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Perinatal Biology Group
Reproductive success and pregnancy health are critically dependent on intact development of the early embryo and the placenta. These processes are regulated by genetic and epigenetic mechanisms that control gene expression. Our perinatal biology group studies these pathways, and how they shape feto-placental development, cellular differentiation, and growth.
Throughout pregnancy and until birth, the placenta is obligatory for embryonic organogenesis, fetal growth, immunological support, and maintenance of healthy maternal-fetal communication, while preserving maternal health. Centrally positioned to support fetal development, the placenta is a target for diverse intrauterine injuries spanning epigenetic, genetic, molecular, and acquired perturbations that impact common, severe diseases of pregnancy, including fetal growth restriction. Placental dysfunction leaves its mark on the developing embryo, rendering it vulnerable to a host of childhood and adult diseases.
Our laboratories have joined forces to define placental dysfunction and its molecular and metabolic consequences to the fetus, which are pertinent to our understanding of the biology of pregnancy.
We center on the process of genomic imprinting, defined as a mechanism of transcriptional regulation that restricts expression to one parental allele. This multi-step process begins in the gametes, where epigenetic modifications differentially mark the parental alleles. These marks must then be stably maintained in the developing embryo, where they are translated into parental-specific expression and play a key role in remodeling chromatin during the pre-implantation and post-implantation developmental periods.
We also study placental processing of metabolic fuels, their availability to the fetus, and the impact of dysregulated molecular, epigenetic and cellular influences on trophoblast storage of caloric nutrients, such as glycogen and lipids. Metabolic dysfunction may lead to lipotoxicity, trophoblast damage, and inadequate supply of nutrients to the fetus.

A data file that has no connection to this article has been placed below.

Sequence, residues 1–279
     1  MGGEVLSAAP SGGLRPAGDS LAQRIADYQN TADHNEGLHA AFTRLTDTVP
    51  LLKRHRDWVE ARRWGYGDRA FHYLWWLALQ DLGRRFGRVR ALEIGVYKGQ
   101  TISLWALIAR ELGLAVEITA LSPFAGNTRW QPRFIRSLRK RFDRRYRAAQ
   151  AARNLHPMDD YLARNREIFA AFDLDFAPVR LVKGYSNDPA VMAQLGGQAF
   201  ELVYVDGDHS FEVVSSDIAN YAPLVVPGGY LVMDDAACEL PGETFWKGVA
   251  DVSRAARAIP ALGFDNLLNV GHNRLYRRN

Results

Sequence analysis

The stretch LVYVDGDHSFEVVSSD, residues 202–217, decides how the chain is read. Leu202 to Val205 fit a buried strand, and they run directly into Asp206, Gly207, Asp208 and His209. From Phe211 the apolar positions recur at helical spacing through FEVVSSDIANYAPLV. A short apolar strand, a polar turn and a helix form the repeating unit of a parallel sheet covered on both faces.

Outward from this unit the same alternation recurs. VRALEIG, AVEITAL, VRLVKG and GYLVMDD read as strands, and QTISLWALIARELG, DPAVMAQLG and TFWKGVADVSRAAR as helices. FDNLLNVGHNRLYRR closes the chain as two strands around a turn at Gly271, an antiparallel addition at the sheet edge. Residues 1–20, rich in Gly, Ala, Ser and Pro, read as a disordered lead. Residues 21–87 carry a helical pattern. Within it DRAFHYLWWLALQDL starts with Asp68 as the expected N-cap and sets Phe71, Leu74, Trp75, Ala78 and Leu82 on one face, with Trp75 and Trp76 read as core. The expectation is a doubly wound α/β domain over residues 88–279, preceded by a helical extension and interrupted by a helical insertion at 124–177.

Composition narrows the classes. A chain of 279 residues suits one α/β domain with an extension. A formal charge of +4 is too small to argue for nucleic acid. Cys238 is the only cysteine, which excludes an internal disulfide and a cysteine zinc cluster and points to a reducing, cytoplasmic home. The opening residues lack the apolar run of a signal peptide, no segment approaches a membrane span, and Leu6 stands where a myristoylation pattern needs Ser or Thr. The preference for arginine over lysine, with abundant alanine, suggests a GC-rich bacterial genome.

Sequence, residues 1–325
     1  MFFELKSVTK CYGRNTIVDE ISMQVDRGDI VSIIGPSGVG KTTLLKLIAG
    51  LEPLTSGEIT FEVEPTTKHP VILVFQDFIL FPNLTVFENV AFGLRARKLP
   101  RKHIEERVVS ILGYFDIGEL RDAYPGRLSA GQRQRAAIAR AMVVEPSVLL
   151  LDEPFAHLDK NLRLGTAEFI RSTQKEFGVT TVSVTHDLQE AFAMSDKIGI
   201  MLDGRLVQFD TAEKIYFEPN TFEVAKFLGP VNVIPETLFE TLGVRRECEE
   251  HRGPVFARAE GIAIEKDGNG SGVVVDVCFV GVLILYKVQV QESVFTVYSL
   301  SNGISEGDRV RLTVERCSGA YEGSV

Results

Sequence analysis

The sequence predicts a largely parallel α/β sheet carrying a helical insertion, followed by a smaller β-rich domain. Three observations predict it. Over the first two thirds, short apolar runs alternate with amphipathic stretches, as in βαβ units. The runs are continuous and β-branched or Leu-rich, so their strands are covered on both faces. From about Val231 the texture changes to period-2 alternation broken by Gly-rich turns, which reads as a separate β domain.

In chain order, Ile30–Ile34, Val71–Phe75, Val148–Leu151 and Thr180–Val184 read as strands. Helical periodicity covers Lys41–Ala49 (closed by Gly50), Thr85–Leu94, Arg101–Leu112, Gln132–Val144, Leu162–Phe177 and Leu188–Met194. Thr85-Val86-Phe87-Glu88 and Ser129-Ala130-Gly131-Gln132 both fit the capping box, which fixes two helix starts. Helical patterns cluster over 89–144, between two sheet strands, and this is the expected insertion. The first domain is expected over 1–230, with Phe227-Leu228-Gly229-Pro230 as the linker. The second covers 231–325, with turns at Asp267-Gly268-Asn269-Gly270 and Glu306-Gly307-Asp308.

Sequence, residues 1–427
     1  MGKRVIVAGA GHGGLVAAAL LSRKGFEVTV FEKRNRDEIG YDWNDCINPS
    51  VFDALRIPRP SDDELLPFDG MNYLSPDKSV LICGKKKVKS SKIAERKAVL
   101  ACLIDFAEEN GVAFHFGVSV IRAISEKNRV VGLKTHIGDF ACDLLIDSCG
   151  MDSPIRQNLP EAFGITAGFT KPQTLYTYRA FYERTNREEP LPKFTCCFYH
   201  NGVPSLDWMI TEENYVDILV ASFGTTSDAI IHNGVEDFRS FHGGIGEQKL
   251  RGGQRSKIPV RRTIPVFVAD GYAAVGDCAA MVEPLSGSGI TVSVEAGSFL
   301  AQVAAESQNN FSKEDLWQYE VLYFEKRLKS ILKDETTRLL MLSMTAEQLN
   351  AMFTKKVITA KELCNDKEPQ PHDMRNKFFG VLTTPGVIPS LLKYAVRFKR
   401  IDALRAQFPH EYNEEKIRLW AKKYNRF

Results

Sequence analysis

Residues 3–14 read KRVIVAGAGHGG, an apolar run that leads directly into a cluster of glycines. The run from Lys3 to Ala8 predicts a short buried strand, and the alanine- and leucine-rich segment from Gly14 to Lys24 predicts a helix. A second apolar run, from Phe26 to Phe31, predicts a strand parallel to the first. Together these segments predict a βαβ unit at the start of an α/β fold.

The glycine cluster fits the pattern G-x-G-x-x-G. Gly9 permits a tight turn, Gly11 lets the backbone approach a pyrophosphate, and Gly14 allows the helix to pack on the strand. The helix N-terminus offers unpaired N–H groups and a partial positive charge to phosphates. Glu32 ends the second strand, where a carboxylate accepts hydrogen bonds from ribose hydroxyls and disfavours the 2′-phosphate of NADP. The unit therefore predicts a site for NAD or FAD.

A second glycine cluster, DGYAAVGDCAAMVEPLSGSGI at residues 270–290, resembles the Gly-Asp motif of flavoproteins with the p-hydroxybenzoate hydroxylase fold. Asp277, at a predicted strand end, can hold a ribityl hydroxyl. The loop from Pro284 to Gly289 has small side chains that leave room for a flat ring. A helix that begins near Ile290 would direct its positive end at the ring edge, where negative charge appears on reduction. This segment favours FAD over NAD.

Lastly, we investigate the function of trophoblast-specific microRNAs that govern placental resistance to viruses, and extracellular vesicle-based communication between the fetal, placental, and maternal compartments.
- Yaacov Barak, PhD
- J. Richard Chaillet, MD, PhD
- Jacob Larkin, MD
- Mellissa Mann, PhD
- Yoel Sadovsky, MD
- Transcriptional and Developmental Regulation of Placental Fuel Storage and Metabolism (NIH P01HD069316, Project w PI: Barak)
- The Role of Genomic Imprinting in Placental Metabolic Function (NIH P01HD069316, Project 1 PI: Chaillet)
- The Role of Oxysterols in Placental Biology (NIH R21HD084914, PI: Larkin)
- Magee-Womens Auxiliary Research Scholar Award (PI: Mann)
- Placental Storage and Metabolism of Neutral Lipids (NIH P01HD069316, PD and Project 3 PI: Sadovsky)
- Primary Human Trophoblasts and the Transfer of Viral Resistance (NIH R01HD075665, PI: Sadovsky)
- Extracellular Vesicles and Their ncRNA Cargo as Markers of Trophoblast Injury (NIH R01HD086325, PI: Sadovsky)
- Building Interdisciplinary Research Careers in Women’s Health (BIRCWH) in Pittsburgh (NIH K12HD043441, PI: Sadovsky)
- University of Pittsburgh Clinical and Translational Science Institute Special Populations Core (NIH UL1TR001857, Core PI: Sadovsky)
- March of Dimes Center for Prematurity Research at the University of Pennsylvania Theme 3: Placental dysfunction (Project PI: Sadovsky)
- The Impact of Maternal-Placental-Fetal Communication on Pregnancy Health (25 Club of Magee-Womens Hospital, PI: Sadovsky)
- Society for Reproductive Investigation
- Placenta (Scientific Journal)
- University of Santa Cruz (UCSC) Genome Browser
- Deciphering the Mechanisms of Developmental Disorders (DMDD) database
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